By JOY CRIST
The Dare County Waterways Commission met on February 13 at the Fessenden Center in Buxton to review updates on the steps required for the upcoming dredging project for Hatteras Inlet.
The Waterways Commission’s immediate goal is to keep the Connecting Channel west of the Inlet Gorge – or the long route – that maritime traffic has been using open, and the long-term goal is to reopen the shorter route east of the gorge, which is a much more complicated project, logistically.
All six members of the current commission were present, (one seat remains at large), and representatives from the US Coast Guard, the U.S. Army Corps of Engineers, the NCDOT Ferry Division, and members of the Hatteras fishing community were at the meeting as well.
The inlet has been especially shallow in recent weeks, and several fishermen at the meeting noted that going through the inlet during low tide is a nearly impossible task.
“The tide is extremely low this time of year,” said commission member Steve “Creature” Coulter in a phone interview after the meeting. “There have been some people who have bumped bottom, and as we’re heading into the season where we’re all going to be fishing a lot more, everyone wants it taken care of as soon as possible.”
To provide relief, Dare County hired a consultant to help secure permits for the U.S. Army Corps of Engineers to dredge the area around the Connecting Channel and the ocean bar, and the process is on schedule to have permits by spring. The project will be done under a one-year renewable agreement with the state and the Corps, which will allow multiple opportunities to dredge in the same year as needed.
“My understanding is that once we get the permits and MOA [Memorandum of Agreement] in place, it’s a matter of signing paperwork again to renew the permits,” said Coulter. “In other words, once you get it, you can renew it as needed like a driver’s license – without the work required to [acquire the permits in the first place.]”
The state permits are in place and the CAMA permit was issued on December 22, 2016. The water quality permit has also been issued, and a letter has been submitted by the state Office of Historic Preservation that says that as long as the dredging follows the same area that’s been dredged before, there were no objections from the office on the project. “At one point, the [Office of Historic Preservation] had raised concerns there may be artifacts, and that a survey may be required – but we don’t have to do that now,” said Coulter.
The MOA is currently under review at the council office of the U.S. Army Corps of Engineers (COE) in Atlanta. According to COE Project Manager Robert Medlock at the meeting, all permits and paperwork required to start dredging should be in place within 30 days.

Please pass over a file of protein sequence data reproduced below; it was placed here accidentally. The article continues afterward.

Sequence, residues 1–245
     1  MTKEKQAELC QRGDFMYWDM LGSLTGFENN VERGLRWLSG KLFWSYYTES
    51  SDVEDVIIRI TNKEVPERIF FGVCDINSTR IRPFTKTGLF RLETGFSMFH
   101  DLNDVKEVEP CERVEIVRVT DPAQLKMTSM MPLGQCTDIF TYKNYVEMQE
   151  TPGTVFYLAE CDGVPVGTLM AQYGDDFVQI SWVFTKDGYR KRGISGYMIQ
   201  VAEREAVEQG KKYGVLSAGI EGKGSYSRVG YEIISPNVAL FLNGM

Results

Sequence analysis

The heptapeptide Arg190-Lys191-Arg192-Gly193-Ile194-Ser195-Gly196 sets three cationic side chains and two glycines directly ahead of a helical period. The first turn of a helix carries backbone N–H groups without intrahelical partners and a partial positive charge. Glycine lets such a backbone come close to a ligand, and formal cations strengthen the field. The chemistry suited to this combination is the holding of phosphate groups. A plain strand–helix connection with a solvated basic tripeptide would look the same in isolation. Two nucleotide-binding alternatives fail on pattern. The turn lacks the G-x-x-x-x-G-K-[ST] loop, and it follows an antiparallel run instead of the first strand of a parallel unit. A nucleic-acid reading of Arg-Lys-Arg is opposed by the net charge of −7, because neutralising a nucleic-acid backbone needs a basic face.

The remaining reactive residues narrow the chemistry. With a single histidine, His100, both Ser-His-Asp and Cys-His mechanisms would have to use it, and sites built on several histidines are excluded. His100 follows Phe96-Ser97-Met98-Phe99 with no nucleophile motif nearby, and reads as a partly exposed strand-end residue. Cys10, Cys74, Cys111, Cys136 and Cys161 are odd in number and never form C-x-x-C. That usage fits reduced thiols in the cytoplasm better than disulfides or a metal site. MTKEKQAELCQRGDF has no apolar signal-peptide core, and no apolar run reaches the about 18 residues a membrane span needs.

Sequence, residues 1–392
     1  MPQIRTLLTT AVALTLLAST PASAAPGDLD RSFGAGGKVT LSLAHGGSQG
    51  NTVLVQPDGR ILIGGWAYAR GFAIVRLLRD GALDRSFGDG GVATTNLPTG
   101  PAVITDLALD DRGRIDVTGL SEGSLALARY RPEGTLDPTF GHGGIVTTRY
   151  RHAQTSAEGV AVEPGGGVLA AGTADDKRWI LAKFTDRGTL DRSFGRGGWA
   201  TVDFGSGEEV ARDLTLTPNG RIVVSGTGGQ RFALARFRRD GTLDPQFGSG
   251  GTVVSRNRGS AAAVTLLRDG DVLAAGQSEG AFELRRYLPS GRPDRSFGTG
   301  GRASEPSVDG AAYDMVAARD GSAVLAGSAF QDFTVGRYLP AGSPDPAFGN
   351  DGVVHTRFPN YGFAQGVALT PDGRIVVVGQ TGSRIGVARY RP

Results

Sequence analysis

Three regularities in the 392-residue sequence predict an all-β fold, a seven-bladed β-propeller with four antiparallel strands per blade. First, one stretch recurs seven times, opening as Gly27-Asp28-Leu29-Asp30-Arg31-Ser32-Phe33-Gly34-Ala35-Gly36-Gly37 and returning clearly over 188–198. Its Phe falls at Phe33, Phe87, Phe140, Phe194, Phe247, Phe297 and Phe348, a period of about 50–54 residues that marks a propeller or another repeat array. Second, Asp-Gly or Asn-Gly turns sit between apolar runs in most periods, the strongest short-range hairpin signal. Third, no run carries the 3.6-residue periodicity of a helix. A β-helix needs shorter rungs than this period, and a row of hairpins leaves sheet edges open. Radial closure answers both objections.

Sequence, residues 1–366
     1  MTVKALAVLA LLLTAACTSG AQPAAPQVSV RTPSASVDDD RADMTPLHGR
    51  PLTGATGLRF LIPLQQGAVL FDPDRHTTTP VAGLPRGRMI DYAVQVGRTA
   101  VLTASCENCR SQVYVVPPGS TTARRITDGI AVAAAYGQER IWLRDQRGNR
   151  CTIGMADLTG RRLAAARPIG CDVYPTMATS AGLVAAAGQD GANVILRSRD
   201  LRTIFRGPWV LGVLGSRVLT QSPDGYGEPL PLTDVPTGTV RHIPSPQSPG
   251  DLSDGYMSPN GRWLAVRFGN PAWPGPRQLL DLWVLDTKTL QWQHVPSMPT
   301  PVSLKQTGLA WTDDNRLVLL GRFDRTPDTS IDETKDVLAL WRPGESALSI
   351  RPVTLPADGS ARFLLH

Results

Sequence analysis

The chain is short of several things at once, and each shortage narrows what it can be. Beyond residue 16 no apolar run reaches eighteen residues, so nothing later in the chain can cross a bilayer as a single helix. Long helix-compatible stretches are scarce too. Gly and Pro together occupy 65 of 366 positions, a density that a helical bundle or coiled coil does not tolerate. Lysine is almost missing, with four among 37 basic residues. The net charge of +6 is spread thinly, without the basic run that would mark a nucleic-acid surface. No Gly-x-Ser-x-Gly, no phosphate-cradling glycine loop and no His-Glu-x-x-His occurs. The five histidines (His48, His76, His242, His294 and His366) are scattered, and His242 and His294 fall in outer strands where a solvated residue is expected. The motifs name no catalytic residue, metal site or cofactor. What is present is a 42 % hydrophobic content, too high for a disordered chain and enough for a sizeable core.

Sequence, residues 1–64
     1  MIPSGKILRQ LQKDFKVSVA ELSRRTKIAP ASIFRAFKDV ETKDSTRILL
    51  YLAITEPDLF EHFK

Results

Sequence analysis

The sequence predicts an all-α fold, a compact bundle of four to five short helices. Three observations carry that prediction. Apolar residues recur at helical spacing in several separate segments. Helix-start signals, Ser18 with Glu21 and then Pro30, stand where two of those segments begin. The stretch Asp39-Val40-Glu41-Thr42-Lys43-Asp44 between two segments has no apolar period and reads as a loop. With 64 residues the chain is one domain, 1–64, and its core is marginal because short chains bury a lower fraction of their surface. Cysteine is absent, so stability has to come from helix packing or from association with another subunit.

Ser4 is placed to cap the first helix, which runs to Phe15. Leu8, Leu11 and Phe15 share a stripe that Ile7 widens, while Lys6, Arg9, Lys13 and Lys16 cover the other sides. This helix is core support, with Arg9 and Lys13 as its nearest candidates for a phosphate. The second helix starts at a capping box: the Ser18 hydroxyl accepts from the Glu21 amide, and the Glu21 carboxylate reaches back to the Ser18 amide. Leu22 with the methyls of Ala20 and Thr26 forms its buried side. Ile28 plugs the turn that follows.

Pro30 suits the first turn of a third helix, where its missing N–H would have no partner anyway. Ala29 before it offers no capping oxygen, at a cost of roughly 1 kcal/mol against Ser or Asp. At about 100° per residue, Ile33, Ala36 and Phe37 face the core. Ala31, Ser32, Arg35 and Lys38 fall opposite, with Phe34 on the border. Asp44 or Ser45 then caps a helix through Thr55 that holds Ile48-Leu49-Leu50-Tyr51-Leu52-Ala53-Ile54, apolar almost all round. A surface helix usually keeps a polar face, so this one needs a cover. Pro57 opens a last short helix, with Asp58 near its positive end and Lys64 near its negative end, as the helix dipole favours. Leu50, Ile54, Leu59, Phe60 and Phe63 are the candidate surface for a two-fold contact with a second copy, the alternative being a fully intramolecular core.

Once the dredging can begin, the dredge vessel Merritt will arrive first to clear the way for up to two hopper dredge(s). “We need the Merritt to start with, so we can get enough water to get the other dredge out here,” said Coulter. “One of the potential problems is that the Corps has actually gotten all of their dredge work planned out for the rest of the year, and we’re going to have to get [the dredges] when we can. But we think we’ll be able to get the dredge Merritt down here pretty quickly.”
“As far as scheduling the hopper dredge to come in, that’s when a scheduling conflict may occur,” added Coulter. “But the Corps has said at the meetings that it didn’t seem like it would be a problem once we got the permit.”
It was also reported at the meeting that the recent adjustments to the ferry channel – which was dredged last month – has provided some relief to the formerly tight crossing. The former “S-Curves,” which made it difficult for ferries to pass each other in between the Federal Channel and Barney’s Slough, has been somewhat straightened, which has made it easier for the large ferries to navigate and maneuver through the water. “We are real pleased with it,” said Coulter. “It’s a safer route for passing and meeting other vessels.”
The US Coast Guard also noted at the meeting that as the channel gets low / shallow, they may use the Ocracoke facilities in order to ensure continual access when needed.
There were also several proposals at the meeting regarding the long-term dredging plan, as well as the empty board seat.
Waterways Commission member and Dare County Board of Commissioners (BOC) member Danny Couch recommended that a promotional video be created – like the one produced for Oregon Inlet – and an economic assessment of the contribution of Hatteras Inlet be conducted in order to promote the long term dredging project.
Couch also recommended that Natalie Perry Kavanagh be recommended to the BOC, (which appoints Waterways Commission members), to fill the empty seventh seat of the commission. The recommendation was approved by the commission members.
The next meeting for the Dare County Waterways Commission will be on Monday, March 13 at 7 p.m. in Manteo.